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Why Write a Blog? (Posted by Paul Heymann)

Most blogs seem to start out with a mission statement, a modus operandi, or an introduction. I would like to start out with something a little more analytical. Each post in this blog is likely to discuss some topic related to research at the InfoLab, and I would like to start with a simple question: why blog? The answer has a lot to do with what we do at the InfoLab, the future of research on data and the web, and about the nature of research itself.

Blogging is Huge

About a year ago now, I started working on a paper called "Can Social Bookmarking Improve Web Search?" Interestingly, that paper ended up being more about the nature of social bookmarking data (URLs which have been annotated with keyword "tags" by users) than it was really about web search itself. (I suppose that makes sense, given that we are the former "database group" and fascinated by data or information in a wide variety of contexts.) Specifically, what we really ask is:
  1. Is the data produced by social bookmarking systems different enough from other data that search engines have access to that it really constitutes "new information?"
  2. Are social bookmarking systems producing enough data to make a difference? On the scale of the web?
The answer to the second question is what sparked my most recent interest in blogs., the social bookmarking site I analyzed, gets over 100,000 posts on an average day. (See, for example, deli.ckoma, which has daily information about the number of posts to, going back several years.) But in the course of my analysis, I needed something to compare to that number.

Is 100,000 URLs with a few tags (keyword annotations) a large data source, or a small one, and compared to what? The most natural comparison I could find was the blogosphere.

Blog posts seem to:
  1. Usually have at least one link to other, related, outside material (i.e., point to new and interesting URLs).
  2. Usually have some discussion of that outside material (i.e., "annotate URLs").
  3. Usually get written by end users who might not be building large scale websites (i.e., are "user-generated content").
In all three of these aspects, blog posts seem like a natural analogue to posts on social bookmarking systems.

When I started looking into numbers for the growth of blogs and the current quantity of blog posts, I was surprised. Blogging is about an order of magnitude bigger than social bookmarking (at least, for now), despite usually being more detailed and requiring more end user effort. Sifry, for example, puts the number of blog posts per day around 1.4 million blog posts per day.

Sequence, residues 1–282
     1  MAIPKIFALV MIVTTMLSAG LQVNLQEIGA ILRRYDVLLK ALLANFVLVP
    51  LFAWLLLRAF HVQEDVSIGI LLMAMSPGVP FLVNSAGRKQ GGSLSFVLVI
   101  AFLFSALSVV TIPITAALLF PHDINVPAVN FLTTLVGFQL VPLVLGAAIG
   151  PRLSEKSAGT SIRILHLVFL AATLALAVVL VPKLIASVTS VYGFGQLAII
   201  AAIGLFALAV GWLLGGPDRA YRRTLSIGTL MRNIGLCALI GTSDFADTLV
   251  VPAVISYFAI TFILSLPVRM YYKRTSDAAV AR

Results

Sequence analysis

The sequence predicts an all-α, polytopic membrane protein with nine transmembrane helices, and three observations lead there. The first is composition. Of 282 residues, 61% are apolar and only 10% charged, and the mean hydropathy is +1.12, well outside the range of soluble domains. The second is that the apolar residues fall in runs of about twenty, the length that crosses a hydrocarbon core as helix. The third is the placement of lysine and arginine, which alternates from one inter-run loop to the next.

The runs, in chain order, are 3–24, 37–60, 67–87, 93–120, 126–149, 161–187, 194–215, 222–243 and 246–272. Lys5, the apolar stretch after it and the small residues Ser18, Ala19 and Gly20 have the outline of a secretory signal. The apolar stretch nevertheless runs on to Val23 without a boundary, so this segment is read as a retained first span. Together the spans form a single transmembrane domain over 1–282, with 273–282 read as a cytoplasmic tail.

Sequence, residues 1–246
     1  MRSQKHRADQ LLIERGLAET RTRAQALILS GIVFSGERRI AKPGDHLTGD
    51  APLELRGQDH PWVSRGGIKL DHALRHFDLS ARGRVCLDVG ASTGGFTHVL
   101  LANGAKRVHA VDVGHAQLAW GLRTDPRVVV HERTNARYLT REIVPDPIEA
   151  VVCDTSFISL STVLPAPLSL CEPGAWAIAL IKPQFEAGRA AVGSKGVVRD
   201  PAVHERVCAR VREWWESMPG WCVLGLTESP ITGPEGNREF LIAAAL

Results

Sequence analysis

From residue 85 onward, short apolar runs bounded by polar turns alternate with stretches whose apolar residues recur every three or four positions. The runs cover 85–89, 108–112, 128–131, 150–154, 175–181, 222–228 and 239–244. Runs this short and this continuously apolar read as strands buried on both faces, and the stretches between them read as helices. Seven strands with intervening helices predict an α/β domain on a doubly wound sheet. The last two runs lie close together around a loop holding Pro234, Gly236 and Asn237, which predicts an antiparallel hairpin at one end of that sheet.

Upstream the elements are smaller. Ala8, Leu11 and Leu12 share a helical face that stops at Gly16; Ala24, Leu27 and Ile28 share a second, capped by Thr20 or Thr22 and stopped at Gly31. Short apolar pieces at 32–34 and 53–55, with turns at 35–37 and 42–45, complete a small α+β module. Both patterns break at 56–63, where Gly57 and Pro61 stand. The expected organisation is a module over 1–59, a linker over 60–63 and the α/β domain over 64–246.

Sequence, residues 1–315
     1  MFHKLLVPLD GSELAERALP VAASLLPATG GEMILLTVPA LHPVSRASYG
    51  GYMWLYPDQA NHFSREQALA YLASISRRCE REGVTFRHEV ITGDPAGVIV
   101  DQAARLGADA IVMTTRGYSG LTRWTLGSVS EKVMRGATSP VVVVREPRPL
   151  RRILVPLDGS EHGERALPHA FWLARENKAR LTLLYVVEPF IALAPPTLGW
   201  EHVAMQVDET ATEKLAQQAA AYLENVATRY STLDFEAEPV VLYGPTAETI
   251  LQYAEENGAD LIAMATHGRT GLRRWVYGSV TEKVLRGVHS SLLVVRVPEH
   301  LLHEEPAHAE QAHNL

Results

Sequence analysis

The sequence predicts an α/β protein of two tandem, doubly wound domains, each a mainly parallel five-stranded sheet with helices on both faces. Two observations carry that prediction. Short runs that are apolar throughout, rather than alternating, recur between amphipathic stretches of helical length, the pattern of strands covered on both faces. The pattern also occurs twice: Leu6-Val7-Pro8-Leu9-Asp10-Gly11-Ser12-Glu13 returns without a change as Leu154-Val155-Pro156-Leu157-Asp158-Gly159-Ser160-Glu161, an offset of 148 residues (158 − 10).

Blogging is one of the most massive and dynamic phenomena on the web today.

Blogging is Structured

Database researchers have been fascinated by the web for a long time. In 1998, a group of the top researchers in databases got together to try to outline the research challenges for the next decade. What they produced was the Asilomar Report on Database Research, which, among other things, concludes that the grand challenge for database research for the next ten years should be:
The Information Utility: Make it easy for everyone to store, organize, access, and analyze the majority of human information online.
However, database researchers tend to like schema and structure in data, something which has been pretty uncommon on the web until recently. There are some new developments which might give the web more structure, for example, Microformats or the Semantic Web. But it seems like we are going to be stuck with our current web for a while yet. And for now, the most structured data is coming from things like blogs with posts, RDF, RSS, Atom, Pingbacks, Trackbacks, and a variety of other structured output and interactions.

Blogging may be the web's best hope for structured, machine-readable data.

The Web is Becoming Key To Disseminating Research

Researchers have a responsibility to disseminate their most interesting results to their community, and often to the public at large. Over the past decade, that has become increasingly easy. Specifically, the web has made it possible (and even simple) for researchers to make available research results which would only have been available to a small subset of academics and industry researchers a decade ago.

This has led to a conflicts like:
  1. Should research be Open Access?
  2. How can we keep double blind peer review while still making research results available on the web in a timely manner?
  3. Should journals exist in an era when publishing can be so easily done on the web? (The arXiv is a powerful example of un-peer reviewed, quality work published on the web.)
However, regardless of the answers to these questions, the web has become an integral part of the research process.

The Beginning

Years ago, the InfoLab did something unusual at the time. We started putting our publications up on the web, with structured data describing them, at our DBPubs publication server.

Now we think it is the right time to join the growing movement of researchers who use blogs to publicize and join a conversation about their work. Some of those people in Computer Science include Scott Aaronson, Hal Daume III, Greg Linden, and John Riedl.

We hope that the eclectic mix of research at the InfoLab will lead to an interesting and useful InfoBlog, for you, our readers, and that you will join us in this conversation.

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